It seems that Jerusalem is burning – and in more ways than one. It’s been incredibly hot these past few days with temperatures in the mid-30s Celsius. As a result – or possibly because of arson – there have been several major forest fires in and around the city.
And, as if that wasn’t enough, the city’s Arab population is rioting because of the brutal murder of a 16-year old Arab boy, Muhammed Abu-Khdeir, whose body was found in the Jerusalem Forest hours after the funeral of the three murdered Jewish teenagers, Naftali Fraenkel, Eyal Yifrach and Gil-ad Shaar (see previous post).
The “Palestinian” population is convinced that this latest murder was the work of (Jewish) “religious settlers”, in revenge for the murders of Naftali, Eyal and Gil-ad. The US State Department, in a far more forthright – and speedy – statement than was forthcoming from them concerning the abduction and murder of the three Jewish teenagers (one of whom, Naftali Fraenkel, had dual Israeli-US citizenship, but whose name the US State Department spokeswoman, Jan Psaki, had difficulty remembering), took no more than a few hours to condemn the heinous murder of the “Palestinian” youth, whose name they had no difficulty at all in remembering, as well as implying that it was a revenge killing by extremist Israeli Jews (whilst, at the same time, refusing to say outright whether or not the State Department believes this to have been a revenge killing).
The Israel Police is investigating several different possibilities, including the possibility that this was an “honour killing” because the murdered youth may have been a homosexual, or that it was the result of a feud between clans. The boy’s father has denied that his son was gay – but then, he would, wouldn’t he? A homosexual son would be an indelible blight on the family’s honour. As for the possibility of a feud between clans – there are a few reports which might tend to support this theory. One story I heard on the radio was that some days before the murder, before the bodies of the murdered Israeli adolescents were found, an attempt was made to snatch Abu-Khdeir’s younger brother. According to this report, the boy’s mother claimed that two (or three) Jewish men tried to snatch her 9-year old son from her arms and force him into a car. She fought them off alone, until the boy’s father arrived and put the would-be kidnappers to flight. The boy’s father, however, told the police that the perpetrators were Arabs – but when asked to come down to the Police Station for further questioning, avoided doing so.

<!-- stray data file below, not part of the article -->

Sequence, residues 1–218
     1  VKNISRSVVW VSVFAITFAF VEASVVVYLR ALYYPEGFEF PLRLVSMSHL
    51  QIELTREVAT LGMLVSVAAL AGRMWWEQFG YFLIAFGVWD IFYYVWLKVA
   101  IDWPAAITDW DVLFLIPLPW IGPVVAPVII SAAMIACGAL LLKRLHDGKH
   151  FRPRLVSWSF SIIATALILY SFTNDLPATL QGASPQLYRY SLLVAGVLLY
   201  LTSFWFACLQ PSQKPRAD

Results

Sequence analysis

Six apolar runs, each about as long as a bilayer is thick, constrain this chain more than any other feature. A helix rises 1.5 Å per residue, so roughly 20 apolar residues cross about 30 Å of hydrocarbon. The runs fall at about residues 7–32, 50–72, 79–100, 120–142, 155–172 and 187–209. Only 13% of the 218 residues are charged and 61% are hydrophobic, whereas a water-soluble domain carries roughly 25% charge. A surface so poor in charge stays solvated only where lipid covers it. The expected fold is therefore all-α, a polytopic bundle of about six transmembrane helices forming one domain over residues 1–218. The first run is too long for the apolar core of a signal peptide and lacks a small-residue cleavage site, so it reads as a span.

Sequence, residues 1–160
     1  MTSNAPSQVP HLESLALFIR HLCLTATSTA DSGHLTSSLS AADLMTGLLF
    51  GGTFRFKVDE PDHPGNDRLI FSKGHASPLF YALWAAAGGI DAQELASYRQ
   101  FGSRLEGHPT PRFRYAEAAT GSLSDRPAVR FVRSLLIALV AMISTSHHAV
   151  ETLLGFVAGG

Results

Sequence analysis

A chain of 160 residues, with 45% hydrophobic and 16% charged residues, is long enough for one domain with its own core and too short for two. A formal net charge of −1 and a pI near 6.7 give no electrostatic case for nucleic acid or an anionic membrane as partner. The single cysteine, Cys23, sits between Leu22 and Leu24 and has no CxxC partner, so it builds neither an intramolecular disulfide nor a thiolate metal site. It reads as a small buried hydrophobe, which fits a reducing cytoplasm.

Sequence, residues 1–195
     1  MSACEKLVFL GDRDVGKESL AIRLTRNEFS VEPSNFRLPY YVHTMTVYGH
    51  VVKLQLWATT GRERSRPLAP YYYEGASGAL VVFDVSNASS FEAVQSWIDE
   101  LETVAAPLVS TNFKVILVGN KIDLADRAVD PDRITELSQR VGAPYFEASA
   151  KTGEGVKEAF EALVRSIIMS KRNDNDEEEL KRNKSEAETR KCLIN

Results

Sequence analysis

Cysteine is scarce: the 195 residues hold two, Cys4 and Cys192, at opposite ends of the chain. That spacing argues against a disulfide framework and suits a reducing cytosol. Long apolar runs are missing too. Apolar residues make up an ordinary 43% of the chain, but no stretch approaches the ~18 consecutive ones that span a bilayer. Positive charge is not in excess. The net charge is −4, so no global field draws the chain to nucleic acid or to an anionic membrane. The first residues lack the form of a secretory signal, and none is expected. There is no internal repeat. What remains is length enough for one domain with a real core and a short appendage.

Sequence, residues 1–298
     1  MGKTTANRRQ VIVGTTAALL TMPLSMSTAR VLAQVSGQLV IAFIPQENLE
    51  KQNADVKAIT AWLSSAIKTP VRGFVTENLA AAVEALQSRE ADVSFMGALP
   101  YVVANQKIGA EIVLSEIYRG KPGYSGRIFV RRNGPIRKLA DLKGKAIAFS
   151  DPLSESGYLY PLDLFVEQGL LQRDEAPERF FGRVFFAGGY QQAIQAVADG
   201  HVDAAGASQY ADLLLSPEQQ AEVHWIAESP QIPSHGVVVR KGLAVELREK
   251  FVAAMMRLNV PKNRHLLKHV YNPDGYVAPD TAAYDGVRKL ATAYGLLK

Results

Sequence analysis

One fact which seems to me to be rather curious is that the police apparently found Abu-Khdeir’s body a mere 90 minutes after his abduction was reported, by tracking his mobile phone – by which time his abductors had had time, not only to murder him, but also to partially burn the body. This leads one to wonder whether there was some delay in reporting the abduction to the Police, and if so – why?
Another report has it that an attempt was made to kidnap a young “Palestinian” girl a few days before the murder of Abu-Khdeir. Of course, the two stories are not necessarily contradictory.
It is also not beyond the bounds of possibility, alas, that this was, indeed, a revenge killing by Jewish extremists. I would be appalled, should that turn out to be the case. As I mentioned in my previous post, a lot of harsh words were uttered in anger, following the discovery of the mutilated bodies of the Israeli teenagers. I doubt that most people calling for blood vengeance on the general Arab population really meant it, but there is no denying that there is a small minority who really do feel that way. One thing is for sure. You won’t see Israelis dancing in the street and handing out sweets to passersby in celebration of this despicable murder.
Actually, there is one other thing that is certain. I am sure I shall draw the fire of both the extreme right and the extreme left for what I have written here – from the extreme Left, for casting any doubt whatever on their conviction that this was a hate crime by Jews, in revenge for the murder of Naftali, Eyal and Gil-ad, and from the extreme Right, for saying, as I say now, unequivocally, that if it was a revenge killing, it was inexcusable and totally despicable.